Dec 11, 2013
Learning to Speak Anew in a Tribal World
Posted on Nov 5, 2009
MARRAKECH, Morocco—The international conversation among foreign policymakers and political specialists (on the Western side of the world, at least) has since the Cold War and the Second World War tended to be Anglophone and something of an American monologue.
There has been a perfectly good reason for that, at least on the Western side of the Cold War, since ambitious young politicians, officials and military men from Europe and elsewhere went to the United States to study after 1945, and the U.S. government conscientiously subsidized many scholarships and overseas policy studies centers.
There wasn’t the same traffic the other way across the Atlantic by young and ambitious Americans. This is why, until Gen. Charles de Gaulle came back to power in France in 1958, Western Europe was an Atlanticist and Anglophone bastion. This now is changing.
I use the terms Anglophone or English-speaking rather than the usual French and Continental expression Anglo-Saxon, meaning Anglo-American. That term is still widely used in Europe, but erroneously, as Anglo-Saxon actually means a (German) Saxon in England.
The Saxons and Angles were Germanic tribes who took over England in the fifth century—together with the Jutes; but we won’t go into the Jutes, since they were a Low German tribe. Saxony, today, is High German, and, in any case, all of them, once settled in England, were in 1066 taken over by the French Normans—who, of course, were really Scandinavians.
I’m not aware of any modern Americans who think of themselves as descending from Angles or Jutes—and certainly not from the French, even the Norman French; to do that on the recent American political scene might be considered un-American.
(Barack Obama, on the presidential campaign trail, did not face the accusation of being French, as John Kerry did four years before, even though the Kerrys are presumably Celts, from Ireland, which one would think OK for an American to be. For a hundred years now, all the football players at the University of Notre Dame, wherever their parents happened to come from, have been Fighting Irish.)
It might seem that the world today, in an era of terrorism, would be becoming more rather than less tribal than it was in the early post-Second World War years. Woodrow Wilson, in 1919, had thought it would be good for all the Europeans to have their own nationalistic little countries. This made an enormous amount of trouble and helped bring on the Second World War. Slobodan Milosevic, in tearing apart Wilson’s united Yugoslavia in the late 1980s and the 1990s, was making a start toward a Third World War. Some terrorists have the same thing in mind.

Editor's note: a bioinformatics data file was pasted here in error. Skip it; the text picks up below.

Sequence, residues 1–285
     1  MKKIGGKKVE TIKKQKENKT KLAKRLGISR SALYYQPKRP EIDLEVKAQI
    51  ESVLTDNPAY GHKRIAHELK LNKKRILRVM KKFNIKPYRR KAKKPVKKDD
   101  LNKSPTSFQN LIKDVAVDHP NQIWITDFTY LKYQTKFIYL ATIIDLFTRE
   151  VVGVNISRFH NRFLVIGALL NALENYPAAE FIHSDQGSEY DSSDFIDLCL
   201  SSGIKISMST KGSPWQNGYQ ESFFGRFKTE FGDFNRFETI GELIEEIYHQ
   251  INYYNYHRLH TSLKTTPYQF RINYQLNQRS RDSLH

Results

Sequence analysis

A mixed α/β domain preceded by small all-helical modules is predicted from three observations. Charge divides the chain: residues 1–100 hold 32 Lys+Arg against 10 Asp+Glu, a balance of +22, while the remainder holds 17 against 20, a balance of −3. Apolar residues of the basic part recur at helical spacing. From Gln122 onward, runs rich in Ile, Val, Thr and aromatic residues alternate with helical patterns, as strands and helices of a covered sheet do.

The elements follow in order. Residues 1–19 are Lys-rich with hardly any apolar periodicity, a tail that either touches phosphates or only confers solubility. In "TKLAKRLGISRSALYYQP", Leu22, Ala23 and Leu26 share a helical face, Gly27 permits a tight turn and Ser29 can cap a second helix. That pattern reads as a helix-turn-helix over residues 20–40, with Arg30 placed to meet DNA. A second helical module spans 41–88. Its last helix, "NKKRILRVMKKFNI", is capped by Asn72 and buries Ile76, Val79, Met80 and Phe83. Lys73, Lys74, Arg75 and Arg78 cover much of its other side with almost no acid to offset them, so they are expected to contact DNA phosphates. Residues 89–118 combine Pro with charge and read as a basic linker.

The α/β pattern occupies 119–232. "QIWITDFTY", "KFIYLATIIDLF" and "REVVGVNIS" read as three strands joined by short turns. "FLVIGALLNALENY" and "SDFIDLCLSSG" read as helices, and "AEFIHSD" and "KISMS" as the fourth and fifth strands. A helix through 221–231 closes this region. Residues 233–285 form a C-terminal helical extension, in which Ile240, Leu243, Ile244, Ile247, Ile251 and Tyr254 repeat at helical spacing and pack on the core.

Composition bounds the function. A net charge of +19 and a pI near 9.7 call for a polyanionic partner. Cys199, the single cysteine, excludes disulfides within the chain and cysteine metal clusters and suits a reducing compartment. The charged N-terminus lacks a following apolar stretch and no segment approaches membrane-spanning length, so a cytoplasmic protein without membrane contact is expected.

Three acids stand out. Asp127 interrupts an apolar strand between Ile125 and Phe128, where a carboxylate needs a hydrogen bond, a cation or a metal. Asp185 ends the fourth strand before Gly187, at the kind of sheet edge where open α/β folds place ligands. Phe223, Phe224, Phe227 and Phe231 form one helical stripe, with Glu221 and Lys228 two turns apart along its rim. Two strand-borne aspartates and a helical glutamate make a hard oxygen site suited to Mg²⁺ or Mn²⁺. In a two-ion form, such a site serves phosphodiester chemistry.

At Marrakech, a new version of the international policy conversation has been taking place. It is called the World Policy Conference. It has been created by France’s (unofficial) Institut Francais des Relations Internationales and is meant to become an annual affair devoted to the proposition that the world has arrived at a point when serious things have to be done to strengthen international institutions of governance.
The principal speakers at last week’s meeting were officials or scholars from Brazil, Saudi Arabia, Japan, Turkey, Togo, Bolivia, South Korea, India, Israel, Algeria, Egypt, Senegal, Mexico and Mongolia, with a considerable unofficial Russian presence.
The usual European governments were prominently represented at official or semiofficial levels, as well as the IMF, the Arab League, the International Energy Agency—but curiously enough, not the United States, despite a “high-level” commitment.
The United States today is widely perceived as a large part of the current world problem. Today, the effort is how to cultivate new institutions of international cooperation and “governance.” Washington used to do it all alone, but a major part of the world is restless.
People speak of a “multipolar world,” and the reason that Europeans are leading the effort to develop the new international dialogue is simply that the European Union now is seen globally as the modern model for democratic international institutions.
Visit William Pfaff’s Web site at www.williampfaff.com.
© 2009 Tribune Media Services, Inc.
Previous item: Scott Ritter on Afghanistan: Don’t Believe the Hype
Next item: Keep the Government Out of the News Business
New and Improved Comments